Thanks to the Drs. Eide for a post on imagery studies and how they play a role in memory and learning. If you reflect on instances when there is some physical activity or complex calculation or cognitive exercise you need to do, can you remember a time when you tried to 'see' yourself doing it ahead of time? It may seem to be an instinctive process or action, but I certainly have imagined doing a tough calculation prior to a math test, or have caught myself imagining myself playing a tough trumpet lick on a bus as we drove to a music contest. Professional musicians and athletes often refer to this mental practice since they are on the road so often, without the ability to physically practice like they are used to doing. Read a good article on this topic here.
Mental imagery is something that can help build memory for particular actions or cognitive activities, largely because neuroimaging experiments show as much as 90% of the neurons that are used in the actual, physical activity are firing in mental imagery exercises. To the brain, imagery is not so different from the real thing. Imagery can help us with the following:
- not only visualizing what the activity is, but also gaining spatial, auditory and kinesthetic information and practice and memory for that activity;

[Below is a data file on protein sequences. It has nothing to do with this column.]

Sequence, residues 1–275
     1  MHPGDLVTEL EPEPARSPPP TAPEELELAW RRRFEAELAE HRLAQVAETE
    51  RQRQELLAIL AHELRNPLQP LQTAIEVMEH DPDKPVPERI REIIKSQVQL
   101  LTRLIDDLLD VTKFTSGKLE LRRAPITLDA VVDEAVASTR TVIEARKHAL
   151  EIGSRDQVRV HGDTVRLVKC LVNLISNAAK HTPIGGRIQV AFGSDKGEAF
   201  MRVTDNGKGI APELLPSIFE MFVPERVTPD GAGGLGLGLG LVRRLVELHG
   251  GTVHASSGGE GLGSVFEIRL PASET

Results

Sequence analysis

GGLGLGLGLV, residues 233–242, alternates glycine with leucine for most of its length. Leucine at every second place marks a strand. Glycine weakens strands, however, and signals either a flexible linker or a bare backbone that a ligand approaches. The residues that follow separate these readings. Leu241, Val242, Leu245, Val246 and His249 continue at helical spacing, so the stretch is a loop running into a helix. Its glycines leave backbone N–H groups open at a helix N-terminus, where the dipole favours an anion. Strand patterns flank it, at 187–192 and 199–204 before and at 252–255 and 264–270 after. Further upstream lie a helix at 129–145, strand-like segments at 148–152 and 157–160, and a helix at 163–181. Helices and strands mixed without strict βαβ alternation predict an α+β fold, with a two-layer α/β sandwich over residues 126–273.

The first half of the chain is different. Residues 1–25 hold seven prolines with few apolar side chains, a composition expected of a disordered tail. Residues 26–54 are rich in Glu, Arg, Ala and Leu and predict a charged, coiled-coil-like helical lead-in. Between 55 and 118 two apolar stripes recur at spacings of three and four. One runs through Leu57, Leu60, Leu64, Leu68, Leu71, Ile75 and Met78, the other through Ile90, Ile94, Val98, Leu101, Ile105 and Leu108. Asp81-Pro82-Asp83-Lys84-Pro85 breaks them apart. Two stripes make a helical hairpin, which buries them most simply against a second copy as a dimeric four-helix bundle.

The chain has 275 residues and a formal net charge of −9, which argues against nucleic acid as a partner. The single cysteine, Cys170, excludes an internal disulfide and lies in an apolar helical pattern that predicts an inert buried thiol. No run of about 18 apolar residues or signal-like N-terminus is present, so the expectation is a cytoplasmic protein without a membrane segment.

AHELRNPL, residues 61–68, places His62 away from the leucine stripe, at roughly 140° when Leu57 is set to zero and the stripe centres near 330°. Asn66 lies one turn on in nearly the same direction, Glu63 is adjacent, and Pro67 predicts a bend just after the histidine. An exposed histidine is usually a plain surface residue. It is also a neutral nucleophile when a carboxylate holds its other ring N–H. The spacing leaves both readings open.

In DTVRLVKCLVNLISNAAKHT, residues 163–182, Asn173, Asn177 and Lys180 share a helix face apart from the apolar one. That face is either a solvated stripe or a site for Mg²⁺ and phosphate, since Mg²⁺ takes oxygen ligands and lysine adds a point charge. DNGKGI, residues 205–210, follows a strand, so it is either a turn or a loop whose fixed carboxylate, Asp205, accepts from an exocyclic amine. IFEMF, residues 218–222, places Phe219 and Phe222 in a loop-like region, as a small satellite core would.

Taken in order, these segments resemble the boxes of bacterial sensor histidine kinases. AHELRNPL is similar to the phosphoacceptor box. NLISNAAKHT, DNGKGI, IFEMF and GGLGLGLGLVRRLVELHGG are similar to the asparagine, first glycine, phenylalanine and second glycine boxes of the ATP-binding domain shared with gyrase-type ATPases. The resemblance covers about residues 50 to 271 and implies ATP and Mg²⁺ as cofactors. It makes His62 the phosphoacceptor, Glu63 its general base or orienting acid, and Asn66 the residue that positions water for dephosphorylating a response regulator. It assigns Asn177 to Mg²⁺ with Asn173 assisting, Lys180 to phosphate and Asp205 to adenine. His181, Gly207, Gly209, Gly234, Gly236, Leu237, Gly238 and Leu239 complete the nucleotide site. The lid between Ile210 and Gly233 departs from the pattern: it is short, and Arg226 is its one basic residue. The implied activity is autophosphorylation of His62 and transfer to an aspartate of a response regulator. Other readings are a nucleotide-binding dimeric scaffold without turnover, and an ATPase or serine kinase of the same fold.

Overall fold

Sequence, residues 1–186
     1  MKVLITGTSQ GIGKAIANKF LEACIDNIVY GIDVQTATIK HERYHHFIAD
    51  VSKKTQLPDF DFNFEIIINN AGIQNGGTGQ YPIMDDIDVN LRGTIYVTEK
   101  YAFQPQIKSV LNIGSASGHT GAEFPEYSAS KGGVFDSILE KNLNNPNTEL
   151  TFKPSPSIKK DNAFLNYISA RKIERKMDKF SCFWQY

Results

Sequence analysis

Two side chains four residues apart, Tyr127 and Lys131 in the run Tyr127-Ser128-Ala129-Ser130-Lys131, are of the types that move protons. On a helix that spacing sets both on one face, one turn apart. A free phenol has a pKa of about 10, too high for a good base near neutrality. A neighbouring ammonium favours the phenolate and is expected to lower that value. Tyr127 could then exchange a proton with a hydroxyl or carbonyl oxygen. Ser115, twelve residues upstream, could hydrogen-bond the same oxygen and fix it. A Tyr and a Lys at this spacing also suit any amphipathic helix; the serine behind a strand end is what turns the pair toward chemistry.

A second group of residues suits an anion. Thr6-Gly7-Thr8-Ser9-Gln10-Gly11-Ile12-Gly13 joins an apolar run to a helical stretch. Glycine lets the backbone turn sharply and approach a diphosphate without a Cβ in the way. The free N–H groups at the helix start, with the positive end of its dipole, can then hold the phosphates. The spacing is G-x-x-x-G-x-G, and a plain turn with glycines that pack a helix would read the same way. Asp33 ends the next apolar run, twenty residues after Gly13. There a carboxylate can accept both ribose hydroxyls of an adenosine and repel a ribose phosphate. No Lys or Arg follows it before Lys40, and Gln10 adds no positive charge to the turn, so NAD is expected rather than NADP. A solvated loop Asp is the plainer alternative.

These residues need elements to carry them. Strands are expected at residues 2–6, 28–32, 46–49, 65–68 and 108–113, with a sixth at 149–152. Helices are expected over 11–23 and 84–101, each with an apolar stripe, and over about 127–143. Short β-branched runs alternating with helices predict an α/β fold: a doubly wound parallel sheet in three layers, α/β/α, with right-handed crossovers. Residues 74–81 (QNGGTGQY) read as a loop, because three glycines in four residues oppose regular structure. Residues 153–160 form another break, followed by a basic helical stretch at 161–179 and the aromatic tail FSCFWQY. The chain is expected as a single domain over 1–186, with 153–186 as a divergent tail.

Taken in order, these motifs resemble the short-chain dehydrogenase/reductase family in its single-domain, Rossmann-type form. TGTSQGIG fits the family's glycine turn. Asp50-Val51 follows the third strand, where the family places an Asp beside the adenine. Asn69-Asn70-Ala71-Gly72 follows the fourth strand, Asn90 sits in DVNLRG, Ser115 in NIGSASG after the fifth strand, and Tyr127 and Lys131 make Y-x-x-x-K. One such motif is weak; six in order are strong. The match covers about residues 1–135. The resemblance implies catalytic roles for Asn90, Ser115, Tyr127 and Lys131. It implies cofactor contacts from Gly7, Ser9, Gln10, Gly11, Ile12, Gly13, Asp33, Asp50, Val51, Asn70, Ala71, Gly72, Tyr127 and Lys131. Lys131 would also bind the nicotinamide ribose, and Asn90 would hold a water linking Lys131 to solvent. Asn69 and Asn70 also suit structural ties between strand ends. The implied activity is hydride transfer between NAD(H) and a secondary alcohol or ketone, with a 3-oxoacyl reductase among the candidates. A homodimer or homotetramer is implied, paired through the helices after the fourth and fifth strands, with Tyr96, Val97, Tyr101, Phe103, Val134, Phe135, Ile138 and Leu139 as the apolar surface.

- helps with activities with high levels of organization, multi-steps, and decision making;
- positive imagery has a positive effect on real performance results: for example, golfers do 30% better on putting when positively imagining sinking putts, and 20% worse when imagining missing putts;
For readers, 60% of 5th graders report naturally using some imagery during 'think aloud' breaks in reading stories. It appears to be a natural reaction, even for children, to try and 'see' the scenes that words are trying to convey in order to develop memories of a story that we, ourselves, are not part of in reality. Humans are more visual creatures, as I like to tell my own students, and it is important to remind and also teach students how to visualize physical events and experiences. In fact, in problem solving in physics, I try and teach as an essential part of every single problem to draw a picture and mentally 'see' what is happening in the problem. We use a technique that requires making pictures and labeling all forces on the picture, and then use the picture to actually set up the math (for F = ma problems). So science and imagery are naturally connected, just as reading, writing and imagery are connected. Memory improves when visualization and imagery are used for stories or for how physical events play out in reality. The experimental finding that a good majority of the brain used for the physical activity is used in imagery, too, begins to explain why this process works.
Imagery is used extensively in elementary grades, and the combination of mental imagery with drawing pictures and other hands-on, physical activities makes for a powerful way of building memory and learning. We tend to actually decrease the use of imagery techniques as students progress into higher grades. Perhaps imagery is used most extensively in science classes by the time students get to high school, but it seems as if the use of imagery and hands on activities decreases significantly in literature and history/social studies classes, at least via anecdotal evidence and through conversations with students. Perhaps this is something educators need to consider more in practice.